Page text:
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How Fair is “Fair Compensation” Under India’s New Land Acquisition Act?

I.U.B Reddy's picture

The much anticipated Right to Fair Compensation and Transparency in Land Acquisition, Rehabilitation and Resettlement Act, 2013 (“the Act”) has just come into force in India on January 1st, 2014. Unlike the replaced 1894 legislation, this act addresses the rehabilitation and resettlement of those who depend on land, in addition to land owners. As emphasized in its title the new act places a greater emphasis on transparent processes at various stages: for example, through its mandatory social impact assessments, public hearings, and dispute resolution mechanisms.  
The other key emphasis in the act’s title refers to a new compensatory mechanism. The new act now provides for up to two times market value, against one time in the previous act and this figure is then doubled by applying a one hundred percent “solatium” against 30% in the previous act (additional compensation). Though people get more compensation under new  act, an increase in multiplier does not address the fundamental question of determining “market value”  in a country where registered values under-represent land purchase price to evade high stamp duties.  The challenge is exacerbated in rural areas where there are fewer land transfers, and therefore fewer registered sales deeds to use as reference points. In such situations, a valuation that is perceived to be more “fair” can be found only through consultations and dialogue, as demonstrated by two case studies from World Bank financed projects in India:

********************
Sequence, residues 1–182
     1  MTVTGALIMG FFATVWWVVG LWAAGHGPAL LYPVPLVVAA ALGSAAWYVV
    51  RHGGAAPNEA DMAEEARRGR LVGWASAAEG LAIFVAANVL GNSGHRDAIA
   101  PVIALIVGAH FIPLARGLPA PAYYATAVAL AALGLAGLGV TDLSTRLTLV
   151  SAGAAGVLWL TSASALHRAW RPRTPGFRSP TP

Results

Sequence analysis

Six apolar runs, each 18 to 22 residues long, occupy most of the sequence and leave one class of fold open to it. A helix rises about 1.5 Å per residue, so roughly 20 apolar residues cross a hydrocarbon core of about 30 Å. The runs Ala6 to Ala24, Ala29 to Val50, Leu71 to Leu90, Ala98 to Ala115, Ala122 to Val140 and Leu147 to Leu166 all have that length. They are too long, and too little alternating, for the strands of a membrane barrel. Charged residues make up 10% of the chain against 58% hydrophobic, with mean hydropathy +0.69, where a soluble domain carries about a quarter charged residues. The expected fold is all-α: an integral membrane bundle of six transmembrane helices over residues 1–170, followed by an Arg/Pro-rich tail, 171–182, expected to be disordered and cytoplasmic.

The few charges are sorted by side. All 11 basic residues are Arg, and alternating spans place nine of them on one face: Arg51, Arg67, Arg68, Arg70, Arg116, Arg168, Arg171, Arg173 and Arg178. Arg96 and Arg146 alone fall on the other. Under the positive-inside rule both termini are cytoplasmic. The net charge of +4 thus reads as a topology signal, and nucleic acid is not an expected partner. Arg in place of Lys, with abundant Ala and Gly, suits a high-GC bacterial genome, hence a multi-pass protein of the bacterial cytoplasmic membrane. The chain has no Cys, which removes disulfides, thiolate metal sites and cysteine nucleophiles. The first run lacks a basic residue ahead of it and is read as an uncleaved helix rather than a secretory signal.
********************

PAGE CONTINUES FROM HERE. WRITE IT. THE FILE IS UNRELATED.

The Rampur Hydro Project is a government-owned project in the mountain state of Himachal Pradesh. When it was being prepared in the mid-2000s, consultations with project-affected communities revealed they were dissatisfied with the standard compensation rates being offered to them by the state government because they are significantly lower than the prevailing open market rates (between USD $6,000 to USD $12,000 per hectare). Several consultation sessions were held between the villagers, the project developer and the state government which resulted in the state government agreeing to re-examine the land valuation process. Several new aspects such as the nature and use of the land, court enhanced  rates and land rates paid by the private sector were factored into in  revising the market value of the affected lands, which was between four to ten times higher than original compensation offered. The community was happier with these new rates and accepted them. Today, the project is nearing completion and will soon be supplying much-needed electricity to the Indian grid. Many villagers have used the compensation money to buy more land elsewhere, improve their homes, plant new orchards, or set up new businesses.